Purely electric aircraft are still in their relative infancy. They're closer than you think. Airbus, Rolls-Royce and Siemens are partnering on a hybrid electric aircraft prototype, the E-Fan X, that will prove the mixture of conventional and electric engines will work. The demonstrator will modify a BAe 146 by replacing one of its gas turbine engines with a 2MW electric motor, followed by a second if everything goes smoothly. It's currently slated to fly sometime in 2020.
Mitsubishi Heavy Industries Ltd. said Wednesday it will provide ¥220 billion ($1.94 billion) to its struggling aircraft subsidiary to bolster its capital and help its long-delayed development of a regional passenger jet. Mitsubishi Heavy said it will increase the capital of Mitsubishi Aircraft Corp. by ¥170 billion and also cancel ¥50 billion of the total debt owed by the subsidiary, as the aircraft company continued to have a negative net worth at the end of fiscal 2017. With the financial support, Mitsubishi Aircraft aims to speed up the development of the Mitsubishi Regional Jet, the first commercial passenger jet developed in Japan, as delivery -- initially scheduled for 2013 -- has been delayed five times due to design modifications. The subsidiary aims to deliver the first MRJ jet to All Nippon Airways Co. by the end of 2020. The development costs for the MRJ have risen fourfold from the initial estimate to ¥600 billion, and could also balloon to ¥800 billion, according to company sources.
The Airlander 10 just completed its second test flight, and it didn't end well. During a flight Wednesday, world's longest aircraft ran into some issues upon landing and suffered damage to its cockpit after a nosedive. Hybrid Aircraft Vehicles, the company that developed the Airlander, told the BBC that the flight crew were all "safe and well," and "the only issue was when it landed." One witness claimed to have seen a line hanging down from the Airlander hit a telephone pole during the flight, though HAV denied it. The 302-foot-long aircraft was originally designed for the U.S. military, according to BBC.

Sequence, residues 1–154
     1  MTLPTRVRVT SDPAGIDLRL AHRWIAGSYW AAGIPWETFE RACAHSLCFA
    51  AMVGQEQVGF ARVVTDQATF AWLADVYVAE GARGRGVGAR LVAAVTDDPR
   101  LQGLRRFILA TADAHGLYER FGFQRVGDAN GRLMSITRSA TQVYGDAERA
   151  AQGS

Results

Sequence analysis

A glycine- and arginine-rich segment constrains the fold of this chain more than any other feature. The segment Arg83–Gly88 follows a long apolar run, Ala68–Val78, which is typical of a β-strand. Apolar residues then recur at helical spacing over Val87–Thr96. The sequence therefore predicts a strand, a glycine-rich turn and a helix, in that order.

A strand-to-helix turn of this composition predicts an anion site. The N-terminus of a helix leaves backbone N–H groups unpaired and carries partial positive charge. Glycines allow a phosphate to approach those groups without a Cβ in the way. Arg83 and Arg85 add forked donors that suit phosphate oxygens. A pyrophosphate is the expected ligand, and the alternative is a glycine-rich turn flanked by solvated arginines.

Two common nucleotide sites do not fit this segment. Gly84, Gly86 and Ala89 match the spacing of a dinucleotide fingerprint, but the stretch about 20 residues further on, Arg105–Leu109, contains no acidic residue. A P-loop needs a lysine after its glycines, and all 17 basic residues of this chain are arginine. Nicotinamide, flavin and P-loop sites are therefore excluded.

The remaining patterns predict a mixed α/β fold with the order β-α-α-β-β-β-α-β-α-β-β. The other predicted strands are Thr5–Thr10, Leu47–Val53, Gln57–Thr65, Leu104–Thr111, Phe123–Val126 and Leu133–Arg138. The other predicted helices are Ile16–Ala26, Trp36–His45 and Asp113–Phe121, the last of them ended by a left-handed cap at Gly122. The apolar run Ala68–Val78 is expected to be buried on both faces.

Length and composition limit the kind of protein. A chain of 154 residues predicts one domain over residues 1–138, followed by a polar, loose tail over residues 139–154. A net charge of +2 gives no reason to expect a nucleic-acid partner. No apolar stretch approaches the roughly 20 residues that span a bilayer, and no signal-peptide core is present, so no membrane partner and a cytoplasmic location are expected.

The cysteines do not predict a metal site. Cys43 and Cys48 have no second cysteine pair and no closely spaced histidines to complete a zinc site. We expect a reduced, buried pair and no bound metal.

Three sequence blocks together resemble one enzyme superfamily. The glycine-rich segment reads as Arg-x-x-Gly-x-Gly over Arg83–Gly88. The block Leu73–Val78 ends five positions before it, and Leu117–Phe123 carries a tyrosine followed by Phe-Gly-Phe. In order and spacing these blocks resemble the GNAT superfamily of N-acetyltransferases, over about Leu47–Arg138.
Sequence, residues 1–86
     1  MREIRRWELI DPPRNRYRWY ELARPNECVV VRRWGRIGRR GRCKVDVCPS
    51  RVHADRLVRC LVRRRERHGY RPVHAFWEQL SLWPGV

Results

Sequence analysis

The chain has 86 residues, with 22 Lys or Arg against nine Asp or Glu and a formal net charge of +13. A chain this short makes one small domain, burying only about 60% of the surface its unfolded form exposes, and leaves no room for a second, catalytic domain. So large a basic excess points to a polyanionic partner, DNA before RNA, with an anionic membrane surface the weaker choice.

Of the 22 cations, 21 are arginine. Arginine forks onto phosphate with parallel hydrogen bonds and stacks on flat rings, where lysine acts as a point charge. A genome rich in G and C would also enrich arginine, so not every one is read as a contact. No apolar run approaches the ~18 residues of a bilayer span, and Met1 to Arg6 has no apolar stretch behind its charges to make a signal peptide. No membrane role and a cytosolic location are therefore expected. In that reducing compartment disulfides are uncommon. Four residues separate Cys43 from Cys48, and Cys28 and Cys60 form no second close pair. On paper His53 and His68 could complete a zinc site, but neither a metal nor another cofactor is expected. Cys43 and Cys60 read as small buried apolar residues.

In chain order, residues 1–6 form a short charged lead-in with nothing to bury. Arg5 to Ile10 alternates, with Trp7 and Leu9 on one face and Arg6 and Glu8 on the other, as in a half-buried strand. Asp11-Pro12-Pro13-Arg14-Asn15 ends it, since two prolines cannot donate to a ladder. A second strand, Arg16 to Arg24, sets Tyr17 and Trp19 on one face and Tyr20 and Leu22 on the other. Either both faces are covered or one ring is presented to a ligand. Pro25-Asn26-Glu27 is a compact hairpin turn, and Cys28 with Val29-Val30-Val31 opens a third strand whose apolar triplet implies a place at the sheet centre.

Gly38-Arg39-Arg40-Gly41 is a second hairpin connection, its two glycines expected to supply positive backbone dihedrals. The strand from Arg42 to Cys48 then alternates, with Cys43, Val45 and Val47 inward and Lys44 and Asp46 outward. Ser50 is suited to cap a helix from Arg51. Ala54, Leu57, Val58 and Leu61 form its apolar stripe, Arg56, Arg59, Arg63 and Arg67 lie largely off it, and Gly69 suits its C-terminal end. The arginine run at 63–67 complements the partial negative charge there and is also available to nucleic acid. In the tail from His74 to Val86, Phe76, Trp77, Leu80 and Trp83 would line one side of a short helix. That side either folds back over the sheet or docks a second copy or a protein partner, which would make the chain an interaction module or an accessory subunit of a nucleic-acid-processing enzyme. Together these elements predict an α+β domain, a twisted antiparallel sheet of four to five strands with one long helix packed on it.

The flying car remains among those technologies that has always remained about ten years away. Or maybe just a year, if you believe the CEO of Airbus. "One hundred years ago, urban transport went underground, now we have the technological wherewithal to go above ground," said Tom Enders, the chief executive of aerospace company Airbus, best known for making jet airliners. Enders was speaking at the DLD tech conference in Munich on Monday, where he teased that his company foresees having a working prototype for an autonomous flying car by the end of 2017. "We are in an experimentation phase, we take this development very seriously," he said, according to a report from Reuters.
Orix Corp. said Wednesday it will buy a 30 percent stake in aircraft leasing firm Avolon Holdings Ltd. from China's HNA Group Co. Ltd. for $2.2 billion. The acquisition is aimed at boosting its presence in the global aircraft leasing market, where demand is expected to grow on the back of a rise in low-cost carriers and passenger traffic, it said in a statement. Orix will buy the stake through its fully owned aircraft leasing unit, Orix Aviation Systems Ltd. The transaction is expected to be completed by November, pending regulatory approvals, Orix said. Avolon is owned by Bohai Capital, which is controlled by HNA.